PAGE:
A public display of people affected by mental illness?
That’s what Boston’s Logan Airport is doing, with McLean Hospital and the help of 30 people who are telling their stories on 8-foot-tall photographs that run the length of the hallway between Terminals B and C on the airport’s Departures level.
Photographer Patrick O’Connor captured the images for the exhibit, “Deconstructing Stigma: A Change in Thought Can Change a Life.” The idea is to show what mental illness looks like, and what it looks like is us. And in fact, that’s what comedian Howie Mandel’s poster says: “I’m no different than you.”
Women. Men. Teens. Older adults. Racial, economic, and geographic diversity. Mental illness looks like Brandon, a 32-year-old football player diagnosed with borderline personality disorder; Molly, a 20-year-old daughter of a Naval officer, who has generalized anxiety disorder; and Darryl, the 52-year-old founding member of the legendary rap group Run-DMC, who has lived with substance abuse. Plus others, like Mandel, who describes his experience with obsessive-compulsive disorder. The exhibit breaks apart outdated ideas of what it looks like to live with those illnesses.
Many of those featured have been treated at McLean Hospital outside of Boston, which is the largest psychiatric affiliate of Harvard Medical School. Others have sought treatment in other settings, like campus health centers or emergency rooms. Others cope through creative expression. The subjects have been photographed doing their hobbies, with their family members, in their homes, or in their favorite places.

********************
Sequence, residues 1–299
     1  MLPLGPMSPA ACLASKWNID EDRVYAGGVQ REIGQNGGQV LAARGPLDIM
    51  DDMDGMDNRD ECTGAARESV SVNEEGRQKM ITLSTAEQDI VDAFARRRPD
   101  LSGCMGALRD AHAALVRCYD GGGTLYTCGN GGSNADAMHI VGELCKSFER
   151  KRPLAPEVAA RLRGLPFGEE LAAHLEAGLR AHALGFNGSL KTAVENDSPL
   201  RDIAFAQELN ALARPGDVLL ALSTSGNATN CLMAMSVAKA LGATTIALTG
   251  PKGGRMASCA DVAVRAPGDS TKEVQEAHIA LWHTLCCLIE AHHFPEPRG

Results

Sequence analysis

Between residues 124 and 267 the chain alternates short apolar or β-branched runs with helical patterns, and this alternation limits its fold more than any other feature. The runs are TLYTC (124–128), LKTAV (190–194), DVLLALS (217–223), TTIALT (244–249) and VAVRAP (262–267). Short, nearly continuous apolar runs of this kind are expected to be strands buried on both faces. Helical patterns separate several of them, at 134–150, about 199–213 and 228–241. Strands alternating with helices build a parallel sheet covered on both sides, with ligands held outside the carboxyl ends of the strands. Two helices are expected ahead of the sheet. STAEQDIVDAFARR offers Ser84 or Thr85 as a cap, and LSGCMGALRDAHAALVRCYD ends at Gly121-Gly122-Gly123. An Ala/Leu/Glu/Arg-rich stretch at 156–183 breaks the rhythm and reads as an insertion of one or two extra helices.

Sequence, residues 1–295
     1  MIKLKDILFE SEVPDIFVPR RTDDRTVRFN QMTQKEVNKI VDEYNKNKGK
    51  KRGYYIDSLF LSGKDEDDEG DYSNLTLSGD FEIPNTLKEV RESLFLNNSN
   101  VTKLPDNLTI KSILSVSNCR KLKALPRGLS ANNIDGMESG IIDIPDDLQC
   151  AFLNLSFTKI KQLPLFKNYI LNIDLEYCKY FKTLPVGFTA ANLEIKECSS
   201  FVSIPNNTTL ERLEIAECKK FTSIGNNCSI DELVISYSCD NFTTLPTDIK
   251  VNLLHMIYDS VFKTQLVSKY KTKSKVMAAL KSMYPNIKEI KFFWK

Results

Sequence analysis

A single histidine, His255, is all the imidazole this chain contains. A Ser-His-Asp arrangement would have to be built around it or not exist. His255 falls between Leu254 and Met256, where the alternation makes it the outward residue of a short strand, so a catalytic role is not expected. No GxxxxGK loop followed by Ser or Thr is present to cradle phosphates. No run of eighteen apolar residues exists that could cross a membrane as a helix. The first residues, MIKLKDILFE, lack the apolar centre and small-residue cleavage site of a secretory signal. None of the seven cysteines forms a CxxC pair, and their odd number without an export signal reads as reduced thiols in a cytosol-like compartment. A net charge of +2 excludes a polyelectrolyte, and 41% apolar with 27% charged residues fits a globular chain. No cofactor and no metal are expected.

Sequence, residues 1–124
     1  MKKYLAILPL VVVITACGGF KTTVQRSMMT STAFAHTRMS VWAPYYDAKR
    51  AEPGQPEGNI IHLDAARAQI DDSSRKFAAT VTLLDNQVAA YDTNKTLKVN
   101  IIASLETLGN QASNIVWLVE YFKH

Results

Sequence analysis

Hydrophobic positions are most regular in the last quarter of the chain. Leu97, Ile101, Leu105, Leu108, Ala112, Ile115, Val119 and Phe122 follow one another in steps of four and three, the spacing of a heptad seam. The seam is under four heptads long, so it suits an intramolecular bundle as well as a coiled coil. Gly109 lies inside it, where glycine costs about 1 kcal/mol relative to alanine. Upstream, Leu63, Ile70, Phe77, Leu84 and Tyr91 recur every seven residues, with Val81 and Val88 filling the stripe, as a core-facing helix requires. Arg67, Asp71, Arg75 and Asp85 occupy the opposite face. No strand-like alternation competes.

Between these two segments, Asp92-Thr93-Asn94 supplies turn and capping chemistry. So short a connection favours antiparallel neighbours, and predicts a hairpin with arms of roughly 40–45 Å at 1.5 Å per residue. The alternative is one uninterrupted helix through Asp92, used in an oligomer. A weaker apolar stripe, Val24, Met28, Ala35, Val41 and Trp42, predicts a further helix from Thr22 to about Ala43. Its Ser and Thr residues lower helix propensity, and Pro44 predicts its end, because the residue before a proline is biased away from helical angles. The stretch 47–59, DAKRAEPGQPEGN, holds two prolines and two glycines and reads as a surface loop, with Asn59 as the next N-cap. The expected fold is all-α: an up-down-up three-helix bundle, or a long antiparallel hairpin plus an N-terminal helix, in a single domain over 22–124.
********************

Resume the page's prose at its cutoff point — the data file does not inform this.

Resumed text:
Just walking by, you wouldn’t know that each person in the photographs is affected by mental illness—and that’s exactly the point.
McLean Hospital developed the project in partnership with the American Foundation for Suicide Prevention, the International OCD Foundation, the Massachusetts Association for Mental Health, the National Alliance on Mental Illness, and PROJECT 375.
When the initial call for stories went out, hundreds responded. Many were people who had experiences at McLean, but many were not. Each was motivated to share their story, according to the project website, in order to “provoke conversations about the misconceptions surrounding mental illness and the stigma related to those affected by it.”
The personal story has profound power to cut through stigma and misconception. Many can think of a time when their assumptions—about a neighborhood, or a religion—were shattered when meeting someone from that neighborhood, or who practices that religion. To get to “meet” people who’ve lived with and are living with mental illness can be a learning experience, stretching our minds to think about the experience in new ways.
For those of us not heading to Boston Logan, the project's website features the stories in the exhibit, and there’s a forthcoming book.
Copyright 2016 Elana Premack Sandler, All Rights Reserved
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